If you’ve spent any amount of time reading or watching family-related content, then surely you’ve witnessed the unfolding of a newly-popular technique called gentle parenting.
Gentle parenting is a parenting style that encourages self-awareness, confidence, and autonomy in children by interacting with them in a way that is empathetic, understanding, and respectful—especially when they make mistakes.
While a great deal of our parents displayed love in the best way they knew how, it wasn’t always the most patient or reassuring expression. Sometimes the tough love was too abrasive; The discipline was unwarranted; The conversations were way too one-sided.
And while all of it may have been effective in teaching us what needed to be taught, it also created mental and emotional complications that many of us didn’t realize were problematic until it resulted in unwanted complexities in our adult lives.
That’s why a parenting technique that doubles down on paying closer attention to the child’s emotional and mental development from such an early age is so important.
First things first, let’s talk about the misconceptions of gentle parenting. It’s not what it sounds like.
Gentle parenting is not a way of parenting that looks down on structure and discipline. It’s not a method that allows your children to run wild while you sit back and allow it. It’s not “time out parenting” where you simply sit your children in a corner and ask them to meditate on their actions. It’s not being a stagnant wallflower.
A lot of parents, especially black parents, have been avoiding this incredibly effective, science-backed parenting technique because they are under the impression that it requires them to be a permissive parent—bringing up children without any disciplinary guidance, whatsoever.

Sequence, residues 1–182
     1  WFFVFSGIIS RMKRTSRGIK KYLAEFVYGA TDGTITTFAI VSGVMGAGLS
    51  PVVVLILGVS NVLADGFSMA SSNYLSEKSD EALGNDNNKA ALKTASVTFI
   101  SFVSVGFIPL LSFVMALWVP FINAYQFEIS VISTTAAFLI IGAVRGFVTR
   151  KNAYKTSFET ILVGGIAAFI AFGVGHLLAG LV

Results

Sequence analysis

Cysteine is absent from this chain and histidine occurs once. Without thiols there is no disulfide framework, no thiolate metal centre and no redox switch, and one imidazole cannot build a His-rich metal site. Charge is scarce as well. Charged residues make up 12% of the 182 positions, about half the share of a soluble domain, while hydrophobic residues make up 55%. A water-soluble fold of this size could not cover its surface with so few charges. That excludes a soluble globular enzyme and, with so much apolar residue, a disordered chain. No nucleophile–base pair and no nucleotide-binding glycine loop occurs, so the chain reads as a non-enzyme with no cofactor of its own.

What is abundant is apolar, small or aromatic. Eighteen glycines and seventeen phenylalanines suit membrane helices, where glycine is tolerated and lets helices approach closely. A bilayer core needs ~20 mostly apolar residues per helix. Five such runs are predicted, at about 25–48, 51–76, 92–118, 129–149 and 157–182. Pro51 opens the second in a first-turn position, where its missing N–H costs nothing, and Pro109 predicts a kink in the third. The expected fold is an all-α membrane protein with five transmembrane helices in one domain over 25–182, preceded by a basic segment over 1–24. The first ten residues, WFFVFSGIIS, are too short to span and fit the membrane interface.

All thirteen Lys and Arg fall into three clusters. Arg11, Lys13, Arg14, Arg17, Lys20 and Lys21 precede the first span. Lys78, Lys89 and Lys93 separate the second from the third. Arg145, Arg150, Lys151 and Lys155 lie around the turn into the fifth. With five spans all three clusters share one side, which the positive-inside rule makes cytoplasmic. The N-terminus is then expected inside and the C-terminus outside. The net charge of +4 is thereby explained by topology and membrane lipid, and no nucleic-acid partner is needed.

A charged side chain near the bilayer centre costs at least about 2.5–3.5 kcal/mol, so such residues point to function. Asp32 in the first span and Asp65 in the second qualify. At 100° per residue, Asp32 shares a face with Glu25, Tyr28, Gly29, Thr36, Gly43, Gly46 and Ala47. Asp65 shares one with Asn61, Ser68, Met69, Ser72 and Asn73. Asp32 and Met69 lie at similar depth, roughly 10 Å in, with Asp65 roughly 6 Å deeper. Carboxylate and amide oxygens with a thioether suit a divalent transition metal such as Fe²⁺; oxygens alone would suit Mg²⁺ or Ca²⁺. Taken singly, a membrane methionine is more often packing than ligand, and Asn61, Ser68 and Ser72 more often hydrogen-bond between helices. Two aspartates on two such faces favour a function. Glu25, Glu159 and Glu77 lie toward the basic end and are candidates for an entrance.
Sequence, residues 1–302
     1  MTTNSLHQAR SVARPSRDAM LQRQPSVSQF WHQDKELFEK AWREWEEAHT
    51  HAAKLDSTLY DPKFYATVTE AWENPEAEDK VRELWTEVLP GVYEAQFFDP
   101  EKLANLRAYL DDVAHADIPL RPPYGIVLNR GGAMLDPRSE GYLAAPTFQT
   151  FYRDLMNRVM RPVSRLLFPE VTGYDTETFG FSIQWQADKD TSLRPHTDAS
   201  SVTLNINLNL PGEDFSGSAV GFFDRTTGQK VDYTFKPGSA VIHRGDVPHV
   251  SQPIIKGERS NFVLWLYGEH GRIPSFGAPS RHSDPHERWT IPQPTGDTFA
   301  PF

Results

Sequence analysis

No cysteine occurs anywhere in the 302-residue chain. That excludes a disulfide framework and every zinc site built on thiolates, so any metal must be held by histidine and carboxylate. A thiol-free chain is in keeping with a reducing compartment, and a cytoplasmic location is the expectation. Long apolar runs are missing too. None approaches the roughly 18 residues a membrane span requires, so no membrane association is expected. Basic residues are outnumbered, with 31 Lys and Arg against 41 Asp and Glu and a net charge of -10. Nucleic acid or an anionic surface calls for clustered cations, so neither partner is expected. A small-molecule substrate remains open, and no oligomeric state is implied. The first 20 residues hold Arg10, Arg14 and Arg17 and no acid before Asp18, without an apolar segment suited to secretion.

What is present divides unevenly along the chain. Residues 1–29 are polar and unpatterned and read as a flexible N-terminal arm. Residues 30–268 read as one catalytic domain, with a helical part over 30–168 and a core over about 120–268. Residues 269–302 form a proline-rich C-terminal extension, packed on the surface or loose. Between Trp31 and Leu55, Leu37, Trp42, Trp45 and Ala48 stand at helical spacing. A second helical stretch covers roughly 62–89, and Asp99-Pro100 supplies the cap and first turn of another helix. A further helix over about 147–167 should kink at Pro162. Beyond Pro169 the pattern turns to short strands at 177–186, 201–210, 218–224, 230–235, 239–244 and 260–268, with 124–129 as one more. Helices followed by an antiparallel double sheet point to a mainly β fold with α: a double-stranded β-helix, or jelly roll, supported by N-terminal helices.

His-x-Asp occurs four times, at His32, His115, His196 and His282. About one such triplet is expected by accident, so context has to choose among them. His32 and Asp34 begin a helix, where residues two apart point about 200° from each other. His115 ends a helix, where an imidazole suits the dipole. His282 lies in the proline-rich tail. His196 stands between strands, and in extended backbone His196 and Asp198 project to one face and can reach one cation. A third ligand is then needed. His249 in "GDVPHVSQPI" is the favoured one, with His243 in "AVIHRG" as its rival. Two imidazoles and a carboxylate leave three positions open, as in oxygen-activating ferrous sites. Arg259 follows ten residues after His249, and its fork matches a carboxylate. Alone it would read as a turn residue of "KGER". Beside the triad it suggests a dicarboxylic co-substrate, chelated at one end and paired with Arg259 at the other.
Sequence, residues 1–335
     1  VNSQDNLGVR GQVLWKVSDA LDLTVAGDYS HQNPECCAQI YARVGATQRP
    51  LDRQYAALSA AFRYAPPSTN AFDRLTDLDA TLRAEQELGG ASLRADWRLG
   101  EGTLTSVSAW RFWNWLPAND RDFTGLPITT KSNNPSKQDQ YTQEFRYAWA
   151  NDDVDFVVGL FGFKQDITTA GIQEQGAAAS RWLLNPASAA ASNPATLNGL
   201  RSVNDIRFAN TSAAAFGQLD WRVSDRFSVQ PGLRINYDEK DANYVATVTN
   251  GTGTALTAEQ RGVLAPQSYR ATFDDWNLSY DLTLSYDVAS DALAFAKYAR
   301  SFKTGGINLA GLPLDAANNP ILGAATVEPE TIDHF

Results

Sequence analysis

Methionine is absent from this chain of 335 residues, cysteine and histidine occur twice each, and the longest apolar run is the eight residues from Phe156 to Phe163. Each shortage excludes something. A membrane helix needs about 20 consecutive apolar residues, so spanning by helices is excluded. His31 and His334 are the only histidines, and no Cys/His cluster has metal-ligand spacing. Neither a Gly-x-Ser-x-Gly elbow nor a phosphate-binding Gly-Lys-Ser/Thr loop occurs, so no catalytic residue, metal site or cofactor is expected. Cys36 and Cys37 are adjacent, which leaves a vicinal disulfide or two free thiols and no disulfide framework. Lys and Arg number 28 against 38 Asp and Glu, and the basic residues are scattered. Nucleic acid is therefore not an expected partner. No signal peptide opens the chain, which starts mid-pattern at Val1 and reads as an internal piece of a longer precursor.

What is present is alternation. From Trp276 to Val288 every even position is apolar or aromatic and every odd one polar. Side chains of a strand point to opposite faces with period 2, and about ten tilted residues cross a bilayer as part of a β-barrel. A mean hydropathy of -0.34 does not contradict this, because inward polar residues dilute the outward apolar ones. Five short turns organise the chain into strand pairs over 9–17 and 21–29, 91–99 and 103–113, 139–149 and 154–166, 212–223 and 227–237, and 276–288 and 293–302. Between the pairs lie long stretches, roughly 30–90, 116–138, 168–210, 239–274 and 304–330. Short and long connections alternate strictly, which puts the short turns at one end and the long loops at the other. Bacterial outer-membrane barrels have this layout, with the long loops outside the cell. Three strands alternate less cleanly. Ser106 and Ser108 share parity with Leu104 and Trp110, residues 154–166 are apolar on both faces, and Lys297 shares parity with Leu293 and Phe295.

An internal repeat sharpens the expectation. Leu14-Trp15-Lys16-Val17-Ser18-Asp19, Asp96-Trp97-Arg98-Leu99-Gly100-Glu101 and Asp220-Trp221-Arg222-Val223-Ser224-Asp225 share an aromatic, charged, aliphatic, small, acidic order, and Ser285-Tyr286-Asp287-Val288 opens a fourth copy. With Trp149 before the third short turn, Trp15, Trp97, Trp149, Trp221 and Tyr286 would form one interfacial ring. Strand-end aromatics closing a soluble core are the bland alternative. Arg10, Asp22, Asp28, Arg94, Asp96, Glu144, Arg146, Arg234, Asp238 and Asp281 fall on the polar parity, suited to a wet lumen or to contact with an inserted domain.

Instead, gentle parenting is opting for age-appropriate discipline and guidance instead of harsh punishment. For this method, the goal is to parent within these four elements: empathy, respect, understanding, and boundaries.
Let’s deep dive into what that really means, from the perspective of both parents and child(ren).
Empathy & Understanding
The biggest mistake that we make when dealing with kids is thinking that their emotions are small or insignificant because they’re young, and that’s so not true! Our little babies have some real big emotions, and they only get bigger and more complicated as they get older.
That’s why we need to be careful not to develop dismissive attitudes towards whatever they’re experiencing because they’re going to need all the comfort and understanding we can give.
And believe or not, the journey of practicing empathy with your kids starts when they are just babies and toddlers! Because remember, you’re not just extending empathy and understanding to them, you’re helping them develop it for themselves!
So how does one do that, exactly? Well, there are a few different ways you can do it in everyday life that doesn’t require these huge emotional, out-of-the-box expressions on your behalf. Here are some realistic, everyday examples of building empathy with your child: